31+ Popular Types Of Palm Trees With Pictures

If you want to make a bold statement be it for your outdoor garden or your indoor aesthetics, palm trees are always a good choice to start from.

Contrary to what most of us ordinarily know, these tropical trees come in many shapes and hues and colors.

In this article, we will focus on the types of palm trees and we shall answer key questions about palm trees that anyone who wishes to take a chance on it for their gardens would know. 

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Why is it called a palm tree?

First of all, palms are not really trees. Botanically, palm trees are woody herbs categorized with bamboo, banana, and sedges. There is no accurate account as to how it got its name but fossil records indicate that the tree has been around for 80 million years; a time when dinosaurs were still alive.

The name palm is also well-documented in ancient scrolls from Hebrew, Latin, Mesopotamian, Aramaic, Greek and Egyptian scriptures. Through the years, the descriptions from these texts allowed botanists to come up with the division between date palms and coconut palms. 

As an ornamental plant, it was first introduced during the Victorian era and was distributed to the Western hemisphere through Spanish missionaries who brought it to Los Angeles in the 18th century making it the palm state/canyon while it has been a popular tree in the other side of the world, specifically in Asia and the Pacific. 

How many types of palm are there?

There has been a wide confusion in terms of what we refer to when we are talking about types of palm trees. One reason is that most articles about it interchange types with species.

If this is what you are here for then you are looking at more than 3,600 types of palms. So the better classification of types of palm is in terms of appearance and botanical tendencies. Thus, we can say that we have 8 types of palm trees:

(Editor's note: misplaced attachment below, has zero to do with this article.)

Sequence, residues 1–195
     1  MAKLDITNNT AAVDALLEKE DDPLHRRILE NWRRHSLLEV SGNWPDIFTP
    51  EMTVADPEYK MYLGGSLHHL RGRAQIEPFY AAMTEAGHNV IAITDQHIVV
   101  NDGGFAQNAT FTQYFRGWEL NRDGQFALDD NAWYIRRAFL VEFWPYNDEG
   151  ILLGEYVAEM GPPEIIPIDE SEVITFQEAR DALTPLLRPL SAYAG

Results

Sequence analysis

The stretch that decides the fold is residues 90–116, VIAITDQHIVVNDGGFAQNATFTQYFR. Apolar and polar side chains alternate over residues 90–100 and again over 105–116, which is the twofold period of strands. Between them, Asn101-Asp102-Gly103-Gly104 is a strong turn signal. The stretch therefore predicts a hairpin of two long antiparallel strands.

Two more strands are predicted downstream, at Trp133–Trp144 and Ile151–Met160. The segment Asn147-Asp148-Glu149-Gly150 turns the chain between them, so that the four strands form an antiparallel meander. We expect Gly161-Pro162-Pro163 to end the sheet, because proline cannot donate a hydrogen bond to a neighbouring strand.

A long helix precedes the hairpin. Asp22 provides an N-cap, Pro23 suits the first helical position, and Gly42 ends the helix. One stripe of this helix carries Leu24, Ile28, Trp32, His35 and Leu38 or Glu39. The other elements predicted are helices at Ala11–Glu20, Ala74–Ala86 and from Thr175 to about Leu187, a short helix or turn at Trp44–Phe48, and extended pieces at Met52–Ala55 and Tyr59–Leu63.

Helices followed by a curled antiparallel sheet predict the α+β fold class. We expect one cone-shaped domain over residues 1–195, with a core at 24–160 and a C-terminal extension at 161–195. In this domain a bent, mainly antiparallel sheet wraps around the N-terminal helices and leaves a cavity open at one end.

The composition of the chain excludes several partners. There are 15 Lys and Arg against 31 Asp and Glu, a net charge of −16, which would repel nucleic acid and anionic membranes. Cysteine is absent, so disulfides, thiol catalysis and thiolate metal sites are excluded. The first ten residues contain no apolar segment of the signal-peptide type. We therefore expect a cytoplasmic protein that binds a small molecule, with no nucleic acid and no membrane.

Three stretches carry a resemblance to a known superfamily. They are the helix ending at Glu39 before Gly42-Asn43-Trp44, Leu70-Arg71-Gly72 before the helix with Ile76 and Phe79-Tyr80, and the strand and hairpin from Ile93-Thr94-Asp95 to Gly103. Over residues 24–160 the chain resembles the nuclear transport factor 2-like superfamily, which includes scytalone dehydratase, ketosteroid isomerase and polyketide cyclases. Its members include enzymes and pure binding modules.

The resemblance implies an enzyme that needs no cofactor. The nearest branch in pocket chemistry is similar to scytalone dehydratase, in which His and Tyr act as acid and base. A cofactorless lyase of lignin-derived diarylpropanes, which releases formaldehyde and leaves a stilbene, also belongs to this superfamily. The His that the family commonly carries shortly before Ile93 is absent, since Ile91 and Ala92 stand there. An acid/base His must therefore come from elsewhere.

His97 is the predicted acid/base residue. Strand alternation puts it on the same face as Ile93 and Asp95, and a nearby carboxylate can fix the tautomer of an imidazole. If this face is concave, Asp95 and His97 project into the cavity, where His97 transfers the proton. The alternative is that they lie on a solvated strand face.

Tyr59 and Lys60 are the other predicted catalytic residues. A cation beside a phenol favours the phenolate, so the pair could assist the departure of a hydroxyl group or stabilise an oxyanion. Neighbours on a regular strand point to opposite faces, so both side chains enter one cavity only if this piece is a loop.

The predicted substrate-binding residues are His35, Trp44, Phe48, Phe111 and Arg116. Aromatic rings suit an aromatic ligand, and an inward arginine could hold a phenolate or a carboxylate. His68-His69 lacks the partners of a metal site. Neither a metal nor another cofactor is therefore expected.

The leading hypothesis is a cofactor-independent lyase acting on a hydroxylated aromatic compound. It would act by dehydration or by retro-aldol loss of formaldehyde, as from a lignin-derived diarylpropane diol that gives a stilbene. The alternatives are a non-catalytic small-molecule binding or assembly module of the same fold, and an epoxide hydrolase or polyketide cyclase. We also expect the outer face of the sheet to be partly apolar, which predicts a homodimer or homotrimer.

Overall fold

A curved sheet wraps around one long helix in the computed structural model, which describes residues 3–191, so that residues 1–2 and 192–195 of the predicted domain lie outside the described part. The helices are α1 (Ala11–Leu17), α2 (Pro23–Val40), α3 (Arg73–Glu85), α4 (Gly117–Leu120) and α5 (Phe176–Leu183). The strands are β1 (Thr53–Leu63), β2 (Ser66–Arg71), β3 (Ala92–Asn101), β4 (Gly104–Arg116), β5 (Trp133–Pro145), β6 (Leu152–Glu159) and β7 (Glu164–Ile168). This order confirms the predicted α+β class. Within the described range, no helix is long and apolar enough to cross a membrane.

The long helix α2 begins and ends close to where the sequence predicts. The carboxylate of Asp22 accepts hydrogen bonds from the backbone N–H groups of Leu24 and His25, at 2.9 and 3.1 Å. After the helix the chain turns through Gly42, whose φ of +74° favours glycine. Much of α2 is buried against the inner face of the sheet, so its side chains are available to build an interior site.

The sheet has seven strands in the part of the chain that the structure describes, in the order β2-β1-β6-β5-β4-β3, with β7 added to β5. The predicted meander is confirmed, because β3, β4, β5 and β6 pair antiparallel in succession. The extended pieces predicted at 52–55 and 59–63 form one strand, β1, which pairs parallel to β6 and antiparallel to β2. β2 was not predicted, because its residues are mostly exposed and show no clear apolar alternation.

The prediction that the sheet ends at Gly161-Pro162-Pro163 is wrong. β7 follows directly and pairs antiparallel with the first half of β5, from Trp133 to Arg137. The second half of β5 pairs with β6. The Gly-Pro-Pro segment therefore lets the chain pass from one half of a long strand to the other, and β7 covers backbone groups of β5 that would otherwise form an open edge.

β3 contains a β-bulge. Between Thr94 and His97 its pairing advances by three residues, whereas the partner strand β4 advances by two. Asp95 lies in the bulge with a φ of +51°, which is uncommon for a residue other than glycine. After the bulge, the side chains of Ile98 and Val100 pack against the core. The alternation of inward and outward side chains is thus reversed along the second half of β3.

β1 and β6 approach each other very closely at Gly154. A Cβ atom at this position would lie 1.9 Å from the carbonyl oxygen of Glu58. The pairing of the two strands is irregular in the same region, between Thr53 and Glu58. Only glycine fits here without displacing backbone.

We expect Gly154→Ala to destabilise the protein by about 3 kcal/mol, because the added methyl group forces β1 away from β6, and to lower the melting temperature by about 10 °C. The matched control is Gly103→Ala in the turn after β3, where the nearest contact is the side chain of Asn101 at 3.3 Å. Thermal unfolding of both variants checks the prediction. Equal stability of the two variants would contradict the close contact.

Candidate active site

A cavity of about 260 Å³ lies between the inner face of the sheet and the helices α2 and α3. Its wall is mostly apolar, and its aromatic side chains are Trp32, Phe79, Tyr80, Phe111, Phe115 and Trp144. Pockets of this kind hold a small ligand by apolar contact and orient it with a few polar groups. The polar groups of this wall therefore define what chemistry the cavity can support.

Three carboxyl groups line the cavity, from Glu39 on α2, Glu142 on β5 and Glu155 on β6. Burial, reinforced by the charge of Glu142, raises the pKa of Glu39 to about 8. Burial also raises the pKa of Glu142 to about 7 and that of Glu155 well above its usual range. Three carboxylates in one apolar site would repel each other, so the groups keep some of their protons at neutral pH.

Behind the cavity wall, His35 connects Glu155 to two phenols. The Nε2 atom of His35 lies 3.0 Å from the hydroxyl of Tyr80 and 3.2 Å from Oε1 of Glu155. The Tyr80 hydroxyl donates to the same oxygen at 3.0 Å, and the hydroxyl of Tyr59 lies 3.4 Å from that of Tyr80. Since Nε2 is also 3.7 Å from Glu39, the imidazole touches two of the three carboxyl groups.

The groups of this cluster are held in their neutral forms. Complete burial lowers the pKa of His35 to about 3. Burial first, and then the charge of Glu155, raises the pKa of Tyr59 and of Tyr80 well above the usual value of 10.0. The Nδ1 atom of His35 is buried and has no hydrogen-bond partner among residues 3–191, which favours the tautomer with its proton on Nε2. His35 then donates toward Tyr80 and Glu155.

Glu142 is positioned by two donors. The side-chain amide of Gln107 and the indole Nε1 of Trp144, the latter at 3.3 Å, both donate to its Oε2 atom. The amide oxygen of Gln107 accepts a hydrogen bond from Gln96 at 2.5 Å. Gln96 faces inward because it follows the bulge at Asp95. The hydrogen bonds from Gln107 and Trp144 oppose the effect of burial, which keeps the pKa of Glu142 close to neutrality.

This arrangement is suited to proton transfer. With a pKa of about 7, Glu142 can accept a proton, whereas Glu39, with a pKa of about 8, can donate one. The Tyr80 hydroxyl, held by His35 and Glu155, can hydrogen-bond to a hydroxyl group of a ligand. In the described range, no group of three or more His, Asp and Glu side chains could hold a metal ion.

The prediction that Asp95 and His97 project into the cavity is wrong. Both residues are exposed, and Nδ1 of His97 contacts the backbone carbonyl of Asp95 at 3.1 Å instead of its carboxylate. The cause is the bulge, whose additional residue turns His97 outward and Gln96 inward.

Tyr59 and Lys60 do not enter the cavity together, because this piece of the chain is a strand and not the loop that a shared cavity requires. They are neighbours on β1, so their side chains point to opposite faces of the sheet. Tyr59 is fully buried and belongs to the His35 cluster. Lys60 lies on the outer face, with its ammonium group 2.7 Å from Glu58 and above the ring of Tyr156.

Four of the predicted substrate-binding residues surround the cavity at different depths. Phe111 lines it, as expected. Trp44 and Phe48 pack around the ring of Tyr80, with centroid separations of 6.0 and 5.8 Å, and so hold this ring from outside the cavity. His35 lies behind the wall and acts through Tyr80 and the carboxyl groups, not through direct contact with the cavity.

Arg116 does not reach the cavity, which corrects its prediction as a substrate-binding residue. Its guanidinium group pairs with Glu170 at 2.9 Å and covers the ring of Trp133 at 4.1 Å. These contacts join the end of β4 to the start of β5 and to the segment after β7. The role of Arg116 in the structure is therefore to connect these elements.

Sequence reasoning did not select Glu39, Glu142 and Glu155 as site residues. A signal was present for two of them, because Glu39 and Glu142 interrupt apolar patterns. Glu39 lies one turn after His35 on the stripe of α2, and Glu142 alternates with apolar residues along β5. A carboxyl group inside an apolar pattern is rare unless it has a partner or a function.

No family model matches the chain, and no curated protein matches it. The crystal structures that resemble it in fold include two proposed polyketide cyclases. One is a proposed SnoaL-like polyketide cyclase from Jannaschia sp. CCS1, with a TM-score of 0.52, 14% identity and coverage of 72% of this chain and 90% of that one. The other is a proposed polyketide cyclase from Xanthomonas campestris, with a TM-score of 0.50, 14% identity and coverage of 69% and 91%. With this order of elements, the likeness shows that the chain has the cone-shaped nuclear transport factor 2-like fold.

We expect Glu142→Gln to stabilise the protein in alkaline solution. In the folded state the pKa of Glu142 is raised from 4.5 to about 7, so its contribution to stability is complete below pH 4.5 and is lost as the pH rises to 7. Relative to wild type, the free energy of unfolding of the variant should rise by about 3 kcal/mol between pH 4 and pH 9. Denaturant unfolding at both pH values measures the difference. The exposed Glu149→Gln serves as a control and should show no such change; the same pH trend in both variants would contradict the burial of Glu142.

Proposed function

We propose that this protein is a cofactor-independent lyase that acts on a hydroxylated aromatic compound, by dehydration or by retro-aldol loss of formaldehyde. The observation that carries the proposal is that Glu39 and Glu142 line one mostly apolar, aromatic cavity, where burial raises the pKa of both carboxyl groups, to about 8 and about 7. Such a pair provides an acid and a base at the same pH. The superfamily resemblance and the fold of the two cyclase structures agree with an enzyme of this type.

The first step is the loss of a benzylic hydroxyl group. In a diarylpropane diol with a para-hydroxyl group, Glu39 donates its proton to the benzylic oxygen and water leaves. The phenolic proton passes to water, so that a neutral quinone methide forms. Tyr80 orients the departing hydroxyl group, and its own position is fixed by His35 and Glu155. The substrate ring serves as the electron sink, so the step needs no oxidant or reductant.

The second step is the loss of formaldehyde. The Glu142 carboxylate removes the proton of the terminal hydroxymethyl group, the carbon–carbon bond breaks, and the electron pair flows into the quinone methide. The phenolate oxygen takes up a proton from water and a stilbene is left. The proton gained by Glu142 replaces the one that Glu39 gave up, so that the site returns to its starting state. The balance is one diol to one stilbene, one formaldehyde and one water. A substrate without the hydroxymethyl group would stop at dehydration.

• Indoor palms: those that can be cultivated out of their natural habitats at smaller heights. 
  • Fan leaf palms: those with fan-shaped foliage
  • Feather leaf palms: those with feathery fronds and arching foliage; typically, narrower in size than fan-shaped leaves
  • Palms with edible fruits: this is where the date and coconut palms are categorized
  • Cold hardy palms: those that could tolerate temperatures below 15degrees 
  • Drought tolerant palms: those that could thrive in less moist regions and under harsher soil and climate conditions.
  • Tall growing palms: those that could grow at a mature height of more than 30ft (fun fact, the largest palm tree is found in the Amazon standing at 167ft)
  • Bonsai palms: those that are cultivated by limiting their mature height to a maximum of 6ft only

Indoor palm trees

Palm trees that are grown indoors are those that thrive in environments with average humidity, medium-light, and consistent warmer temperature.

You might feel like the palm tree is not a suitable house plant because it could grow very tall and very leafy but here are some indoor palm trees that will prove you otherwise. 

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1. Belmore Sentry Palm (Howea Belmoreana)

Belmore Sentry Palm (Howea Belmoreana)

Common names:  the curly palm, kentia palm

It is also often confused with Kentia but this one has narrower leaves and more arched fronds making it look curled, hence the nickname curly palm.

It can reach a height of more than 10ft. It is a favorite accent plant in hotel lobbies, function halls, and pool sides. It has a slower growth rate than Kentia and is relatively easy to care for and maintain.

2. Kentia Palm (Howea Forsteriana, thatch palm)